Metabolite Synthesis

Gut Metabolites

Gut Metabolites

Structural moieties of some drug compounds may be susceptible to chemical reaction in the gut environment, or to biotransformation by microbes in the intestine to gut-specific metabolites. This can be significant enough that resulting metabolites are absorbed and observed as circulating metabolites. Well known is the gut microbiota mediated biotransformation of ozanimod. Ozanimod and an intermediate oxidized metabolite undergo reductive cleavage and hydrolysis resulting in oxadiazole ring scission by anaerobic bacteria in the gut to generate a major metabolite in plasma.

Microbiota in the human gut are increasingly being considered as a virtual organ which plays a critical role in drug metabolism. The majority are obligate anaerobes from the genera Bacteriodes, Clostridium, Lactobacillus, Escherichia and Bifidobacteria, together with an assortment of other microorganisms [1]. The role of this “organ” in the biotransformation of drugs to form gut metabolites is complicated by variability in the individual composition of microbial species in the gastrointestinal tract. This potentially can cause differences in the drug response.

Direct microbiome-derived metabolism can lead to deactivation, reactivation through enterohepatic recycling, or biotransformation of a drug to a major metabolite. Metabolic reactions mediated by the microbiota that are known to significantly impact the biologic activity of drugs and xenobiotics involve reduction, hydrolysis, dihydroxylation, acetylation, deacetylation, proteolysis, deconjugation, and deglycosylation processes [2].

Hypha can monitor stability of drugs or their metabolites in a fecal environment. This is done over a time course comparing incubations in live and heat treated fecal samples and buffer, to check for reversion to the parent drug or further biotransformation. New metabolites can be isolated and their structures elucidated by NMR spectroscopy.


[1] Wilson ID and Nicholson JK,  2017. Gut microbiome interactions with drug metabolism, efficacy, and toxicity. Transl Res. 179, 204-222. doi: 10.1016/j.trsl.2016.08.002.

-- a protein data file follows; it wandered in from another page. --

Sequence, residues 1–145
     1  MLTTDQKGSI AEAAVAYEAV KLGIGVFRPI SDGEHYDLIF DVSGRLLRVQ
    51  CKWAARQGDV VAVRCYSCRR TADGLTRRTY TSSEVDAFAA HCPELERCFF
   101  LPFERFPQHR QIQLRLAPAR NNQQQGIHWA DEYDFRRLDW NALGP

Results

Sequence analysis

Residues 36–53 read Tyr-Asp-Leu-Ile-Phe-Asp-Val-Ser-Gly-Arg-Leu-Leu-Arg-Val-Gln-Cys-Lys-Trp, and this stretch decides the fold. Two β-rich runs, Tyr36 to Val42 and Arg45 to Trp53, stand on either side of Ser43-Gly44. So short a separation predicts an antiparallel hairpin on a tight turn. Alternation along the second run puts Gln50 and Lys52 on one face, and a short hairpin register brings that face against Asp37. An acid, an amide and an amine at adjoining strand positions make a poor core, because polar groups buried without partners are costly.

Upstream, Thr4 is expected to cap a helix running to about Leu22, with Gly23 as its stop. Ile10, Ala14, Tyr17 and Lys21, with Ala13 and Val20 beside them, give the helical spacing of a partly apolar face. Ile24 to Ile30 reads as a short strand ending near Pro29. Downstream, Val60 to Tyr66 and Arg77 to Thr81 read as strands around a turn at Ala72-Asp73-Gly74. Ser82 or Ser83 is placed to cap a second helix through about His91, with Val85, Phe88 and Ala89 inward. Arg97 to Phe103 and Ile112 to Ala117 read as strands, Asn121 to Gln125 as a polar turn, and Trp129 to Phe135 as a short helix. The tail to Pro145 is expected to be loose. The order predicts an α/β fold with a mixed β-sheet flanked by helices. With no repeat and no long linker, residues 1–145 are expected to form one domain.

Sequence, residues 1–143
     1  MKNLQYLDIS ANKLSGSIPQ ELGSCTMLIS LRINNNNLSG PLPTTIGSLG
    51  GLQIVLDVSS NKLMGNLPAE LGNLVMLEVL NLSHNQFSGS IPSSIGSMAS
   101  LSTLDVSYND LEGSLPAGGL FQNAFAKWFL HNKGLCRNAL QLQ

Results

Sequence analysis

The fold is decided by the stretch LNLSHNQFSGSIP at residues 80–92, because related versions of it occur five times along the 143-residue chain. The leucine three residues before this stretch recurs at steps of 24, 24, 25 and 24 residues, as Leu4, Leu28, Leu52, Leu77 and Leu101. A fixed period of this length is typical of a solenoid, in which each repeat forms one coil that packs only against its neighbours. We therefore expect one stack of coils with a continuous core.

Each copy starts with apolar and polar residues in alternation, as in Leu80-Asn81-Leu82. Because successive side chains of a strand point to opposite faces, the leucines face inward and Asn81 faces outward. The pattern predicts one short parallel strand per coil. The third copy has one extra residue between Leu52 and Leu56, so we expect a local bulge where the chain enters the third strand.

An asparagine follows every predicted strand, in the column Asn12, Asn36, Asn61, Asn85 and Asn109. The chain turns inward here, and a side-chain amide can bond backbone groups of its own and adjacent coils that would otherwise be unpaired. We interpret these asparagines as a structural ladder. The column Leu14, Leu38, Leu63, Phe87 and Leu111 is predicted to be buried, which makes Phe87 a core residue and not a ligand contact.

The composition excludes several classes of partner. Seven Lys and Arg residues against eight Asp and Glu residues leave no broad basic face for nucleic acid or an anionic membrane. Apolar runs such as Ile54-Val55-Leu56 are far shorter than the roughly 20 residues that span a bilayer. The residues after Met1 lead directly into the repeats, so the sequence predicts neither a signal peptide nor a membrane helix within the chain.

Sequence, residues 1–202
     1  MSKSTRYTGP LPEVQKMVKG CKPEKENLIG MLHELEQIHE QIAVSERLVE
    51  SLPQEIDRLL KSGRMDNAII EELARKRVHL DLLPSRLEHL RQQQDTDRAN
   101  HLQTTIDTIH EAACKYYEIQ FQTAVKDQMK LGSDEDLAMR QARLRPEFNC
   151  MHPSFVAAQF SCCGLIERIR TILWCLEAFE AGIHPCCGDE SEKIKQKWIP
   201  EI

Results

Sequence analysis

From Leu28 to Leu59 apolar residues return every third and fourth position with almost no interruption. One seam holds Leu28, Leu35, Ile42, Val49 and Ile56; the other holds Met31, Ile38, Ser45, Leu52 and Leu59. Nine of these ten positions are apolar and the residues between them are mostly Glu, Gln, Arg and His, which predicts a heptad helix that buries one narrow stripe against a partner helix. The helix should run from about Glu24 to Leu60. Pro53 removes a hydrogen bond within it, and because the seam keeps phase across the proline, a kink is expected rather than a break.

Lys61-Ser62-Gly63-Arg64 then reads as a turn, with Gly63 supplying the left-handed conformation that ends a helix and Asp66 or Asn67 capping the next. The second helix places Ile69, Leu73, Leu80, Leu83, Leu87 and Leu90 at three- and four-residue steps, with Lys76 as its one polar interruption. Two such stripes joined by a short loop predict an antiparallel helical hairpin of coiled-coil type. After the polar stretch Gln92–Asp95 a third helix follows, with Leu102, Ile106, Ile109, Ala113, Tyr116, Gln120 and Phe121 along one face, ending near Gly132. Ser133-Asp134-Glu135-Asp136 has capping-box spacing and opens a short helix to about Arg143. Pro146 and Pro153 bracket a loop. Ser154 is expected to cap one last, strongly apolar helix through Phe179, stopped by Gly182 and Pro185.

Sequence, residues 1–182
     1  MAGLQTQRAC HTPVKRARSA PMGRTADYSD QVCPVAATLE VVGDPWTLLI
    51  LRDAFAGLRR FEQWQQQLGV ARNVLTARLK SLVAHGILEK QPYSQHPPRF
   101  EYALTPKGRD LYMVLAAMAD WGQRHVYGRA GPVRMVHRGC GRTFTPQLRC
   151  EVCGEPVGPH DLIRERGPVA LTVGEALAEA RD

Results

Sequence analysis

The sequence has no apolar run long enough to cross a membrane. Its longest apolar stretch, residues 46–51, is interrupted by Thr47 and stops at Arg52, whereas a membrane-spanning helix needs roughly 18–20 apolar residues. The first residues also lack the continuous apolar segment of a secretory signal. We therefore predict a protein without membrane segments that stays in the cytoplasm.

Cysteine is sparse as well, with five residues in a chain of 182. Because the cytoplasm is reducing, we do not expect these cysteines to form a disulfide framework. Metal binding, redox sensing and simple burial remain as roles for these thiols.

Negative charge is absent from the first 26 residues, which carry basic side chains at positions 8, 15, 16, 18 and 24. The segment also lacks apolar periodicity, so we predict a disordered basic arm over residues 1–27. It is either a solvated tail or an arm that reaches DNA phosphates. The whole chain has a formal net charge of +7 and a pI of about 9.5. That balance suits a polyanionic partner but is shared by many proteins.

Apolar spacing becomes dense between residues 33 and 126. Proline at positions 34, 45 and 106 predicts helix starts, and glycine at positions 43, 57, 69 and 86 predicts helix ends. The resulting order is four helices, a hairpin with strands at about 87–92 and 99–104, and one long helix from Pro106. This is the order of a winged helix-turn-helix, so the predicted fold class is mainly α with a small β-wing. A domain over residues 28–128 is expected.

[2] Sousa et al., 2008.  The gastrointestinal microbiota as a site for the biotransformation of drugs. Int J Pharm 363 (1-2), 1-25. doi: 10.1016/j.ijpharm.2008.07.009. 

Screening and scale-up service for MetID

Biotransformation of drugs using pooled human faecal material

Hypha’s human faecal pool can be used to screen for gut metabolites of drugs, as exemplified by the reduction of sulfasalazine and nizatidine. In these case studies, drugs were incubated in human faecal material derived from several mixed sex donors under oxygen depleted conditions. The reduced metabolites were easily detected by LC-MS.

Human faecal incubations can be scaled up to provide material for purification of metabolites prior to structure elucidation by cryoprobe NMR.

We have undertaken a number of projects for clients where identification of a suspected gut-derived metabolite of a drug in clinical trials was needed, sometimes revealing surprising structures. These have included reduced and unusual conjugated metabolites.

As well as gut microbiota-mediated metabolites, sometimes a conjugate can be formed in the complex matrix of faecal material, without direct involvement of enzymes produced by bacteria in the gut.

Reduced metabolites of sulfasalazine and nizatidine in the gut.

Key Features

Human origin faecal material

Pooled mixed sex source

Screen and scale-up

100s µg to mg amounts for MetID and biological testing

Stability testing

Time course assessment of parent drug and metabolites